California Voters Pass Sweeping Democracy Reform
California Common Cause applauds voter approval of democracy reform ballot measures statewide – 59 and 54 - and local measures
California voters sent a clear message to the nation that the democracy reform is needed to bring balance to our democracy. Voters across the state approved several measures to help create a democracy where everyone’s voice is heard and vote is counted.
Voters passed two statewide measures aimed at making government more accountable to ordinary voters. Proposition 54, which requires all legislative proceedings to be videocast on-line and for bills to be in print for 72 hours before a final vote, was passed by 64% support with 93 percent of precincts reporting. Proposition 59, which tells Congress to limit campaign spending and contributions by passing a federal constitutional amendment, passed with 52% voter approval.
“Voters are sending a message that we want to take our government back from special interests and ensure everyone has a voice in our democracy,” said Kathay Feng, executive director of California Common Cause. “Now Californians must take the next step of holding each member of Congress accountable to the will of the voters as expressed in Proposition 59 and use our access granted by Prop 54 to keep tabs on state legislators.”
California Common Cause joined the League of Women Voters, California Chamber of Commerce, and the NAACP in backing Proposition 54.
California Common Cause joined the California Clean Money Campaign, CALPIRG, Money Out Voters In, and many others in supporting Proposition 59. Using a California constitutional process that dates back more than a century, the legislature placed Proposition 59 on the ballot after a grassroots campaign where more than 100,000 people contacted the legislature. The measure instructs elected officials to overturn the Supreme Court’s rulings in Citizens United v. FEC and other cases that equated campaign spending with free speech and granted the same constitutional rights to artificial entities like corporations as enjoyed by human beings.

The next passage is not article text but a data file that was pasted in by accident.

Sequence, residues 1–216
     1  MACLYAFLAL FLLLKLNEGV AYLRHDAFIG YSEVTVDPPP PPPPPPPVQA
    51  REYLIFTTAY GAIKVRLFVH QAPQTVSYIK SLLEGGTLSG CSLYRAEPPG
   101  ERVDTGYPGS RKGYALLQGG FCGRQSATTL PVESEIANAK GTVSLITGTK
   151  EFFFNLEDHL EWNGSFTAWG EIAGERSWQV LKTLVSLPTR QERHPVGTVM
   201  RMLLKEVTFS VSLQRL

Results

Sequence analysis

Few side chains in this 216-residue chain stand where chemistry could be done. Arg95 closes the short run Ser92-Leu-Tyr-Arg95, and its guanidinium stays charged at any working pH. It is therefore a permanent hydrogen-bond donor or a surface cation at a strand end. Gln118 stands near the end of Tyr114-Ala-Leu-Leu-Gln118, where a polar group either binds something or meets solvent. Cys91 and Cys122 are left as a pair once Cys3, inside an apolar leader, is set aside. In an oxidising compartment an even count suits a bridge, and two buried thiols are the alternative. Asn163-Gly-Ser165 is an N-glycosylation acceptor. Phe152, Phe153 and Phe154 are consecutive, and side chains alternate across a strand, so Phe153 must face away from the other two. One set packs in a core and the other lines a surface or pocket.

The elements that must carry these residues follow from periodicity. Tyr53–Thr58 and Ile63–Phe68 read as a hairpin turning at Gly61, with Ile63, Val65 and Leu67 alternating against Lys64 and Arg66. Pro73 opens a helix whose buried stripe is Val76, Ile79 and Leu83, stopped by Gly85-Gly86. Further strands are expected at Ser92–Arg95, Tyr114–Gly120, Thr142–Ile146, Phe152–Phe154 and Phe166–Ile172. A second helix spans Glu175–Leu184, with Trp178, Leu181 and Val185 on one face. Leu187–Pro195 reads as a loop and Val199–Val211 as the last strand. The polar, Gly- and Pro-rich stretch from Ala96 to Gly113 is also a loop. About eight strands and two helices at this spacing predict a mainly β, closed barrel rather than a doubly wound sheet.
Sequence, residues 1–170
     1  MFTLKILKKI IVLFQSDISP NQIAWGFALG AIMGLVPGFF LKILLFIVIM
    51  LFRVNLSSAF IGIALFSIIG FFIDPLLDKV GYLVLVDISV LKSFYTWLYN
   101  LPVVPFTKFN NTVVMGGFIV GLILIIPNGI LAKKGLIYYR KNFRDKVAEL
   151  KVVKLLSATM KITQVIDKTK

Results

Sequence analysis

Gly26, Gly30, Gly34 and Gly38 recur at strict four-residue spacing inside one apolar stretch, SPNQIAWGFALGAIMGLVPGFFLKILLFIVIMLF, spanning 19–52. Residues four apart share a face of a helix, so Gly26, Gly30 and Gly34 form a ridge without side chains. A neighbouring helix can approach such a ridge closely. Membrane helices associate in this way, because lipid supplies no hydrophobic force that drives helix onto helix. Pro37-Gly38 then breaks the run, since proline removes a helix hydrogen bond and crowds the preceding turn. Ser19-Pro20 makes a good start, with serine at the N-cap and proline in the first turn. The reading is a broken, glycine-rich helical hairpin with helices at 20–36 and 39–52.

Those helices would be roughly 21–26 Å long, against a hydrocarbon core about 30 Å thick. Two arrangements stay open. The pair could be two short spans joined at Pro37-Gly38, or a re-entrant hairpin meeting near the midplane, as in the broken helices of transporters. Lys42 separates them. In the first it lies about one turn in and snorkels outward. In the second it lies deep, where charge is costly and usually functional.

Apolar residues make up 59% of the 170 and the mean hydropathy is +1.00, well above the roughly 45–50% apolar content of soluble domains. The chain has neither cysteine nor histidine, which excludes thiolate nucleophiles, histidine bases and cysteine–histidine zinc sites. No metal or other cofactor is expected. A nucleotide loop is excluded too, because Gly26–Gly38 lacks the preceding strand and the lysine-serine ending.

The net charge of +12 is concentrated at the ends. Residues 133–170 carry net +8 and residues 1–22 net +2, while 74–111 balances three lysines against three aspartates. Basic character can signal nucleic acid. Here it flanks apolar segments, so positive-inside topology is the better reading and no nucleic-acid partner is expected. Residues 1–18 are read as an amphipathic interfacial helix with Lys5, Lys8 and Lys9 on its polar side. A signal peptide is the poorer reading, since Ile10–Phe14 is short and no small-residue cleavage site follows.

Additionally, several citywide initiatives approved by voters spotlight innovative reforms to make local government more accountable to everyday voters:
- In Berkeley, voters approved Measure XI (64%), which will a citizen funded election program to increase the power of small donors by matching their small contributions with public funds.
- In San Francisco, voters approved Proposition T (87%), which will strengthen the city’s lobbying and ethics laws to create a more accountable government.
- In Sacramento, voters approved Measure L (53%), which will create an independent citizens-led redistricting commission to draw city council districts.
“Our local governments are leading by showing our democracy doesn’t have to be dominated by gridlock and big money in politics,” said Feng. These local reform measures show voters can be in the drivers’ seat in our democracy and will help create local governments that are truly of, by, and for the people.”